A World on your doorstep
There's so much to do (or not) we have some favourites
PLACES OF INTEREST
Walk in the footsteps of your Neolithic ancestors at Stonehenge – one of the wonders of the world and the best-known prehistoric monument in Europe. Explore the ancient landscape on foot and step inside the Neolithic Houses to discover the tools and objects of everyday Neolithic life. Visit the world-class exhibition and visitor centre with 250 ancient objects and come face to face with a 5,500 year-old man.
Avebury henge and stone circles are one of the greatest marvels of prehistoric Britain. Built and much altered during the Neolithic period, roughly between 2850 BC and 2200 BC, the henge survives as a huge circular bank and ditch, encircling an area that includes part of Avebury village. Within the henge is the largest stone circle in Britain – originally of about 100 stones – which in turn encloses two smaller stone circles.
The largest artificial mound in Europe, mysterious Silbury Hill compares in height and volume to the roughly contemporary Egyptian pyramids. Probably completed in around 2400 BC, it apparently contains no burial. Though clearly important in itself, its purpose and significance remain unknown. Silbury Hill is part of the Avebury World Heritage Site, and a Site of Special Scientific Interest.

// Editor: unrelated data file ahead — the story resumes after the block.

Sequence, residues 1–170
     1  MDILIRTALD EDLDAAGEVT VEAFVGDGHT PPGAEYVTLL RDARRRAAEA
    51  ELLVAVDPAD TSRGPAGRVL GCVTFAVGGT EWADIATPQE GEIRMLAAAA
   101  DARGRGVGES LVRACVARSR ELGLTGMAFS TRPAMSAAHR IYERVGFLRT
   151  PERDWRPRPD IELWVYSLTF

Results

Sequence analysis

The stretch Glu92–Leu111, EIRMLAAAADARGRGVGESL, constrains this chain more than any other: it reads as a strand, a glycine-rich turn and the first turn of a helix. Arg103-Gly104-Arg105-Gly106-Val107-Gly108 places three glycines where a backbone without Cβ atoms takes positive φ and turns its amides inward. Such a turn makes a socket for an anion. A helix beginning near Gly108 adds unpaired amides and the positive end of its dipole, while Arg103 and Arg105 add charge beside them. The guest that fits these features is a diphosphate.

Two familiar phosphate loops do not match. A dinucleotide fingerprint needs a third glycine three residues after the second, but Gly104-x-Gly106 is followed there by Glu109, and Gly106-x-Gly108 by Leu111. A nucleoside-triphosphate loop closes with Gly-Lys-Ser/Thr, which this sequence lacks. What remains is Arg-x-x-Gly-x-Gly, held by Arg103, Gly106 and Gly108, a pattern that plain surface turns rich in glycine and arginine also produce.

Ludgershall Castle and Cross
Probably begun in the late 11th century by a sheriff of Wiltshire, Ludgershall was much improved in the 13th century by King John and his son Henry III, who used the castle as a hunting lodge. Three large walls and extensive earthworks survive, while in the centre of the nearby village are the remains of a 14th-century cross.
Old Sarum in Salisbury
Climb the mighty ramparts for views over the Wiltshire plains and imagine the once thriving town of Old Sarum. Stand in the footprint of Salisbury’s original cathedral, conquer the royal castle which stood high on the motte, and discover the awe-inspiring Iron Age hill fort where it all began. Unearth over 2,000 years of history and find out how the Romans, Normans and Saxons have all left their mark on this impressive landscape.
West Kennet Long Barrow
One of the largest, most impressive and most accessible Neolithic chambered tombs in Britain. Built in around 3650 BC, it was used for a short time as a burial chamber, nearly 50 people being buried here before the chambers were blocked. Part of the Avebury World Heritage Site.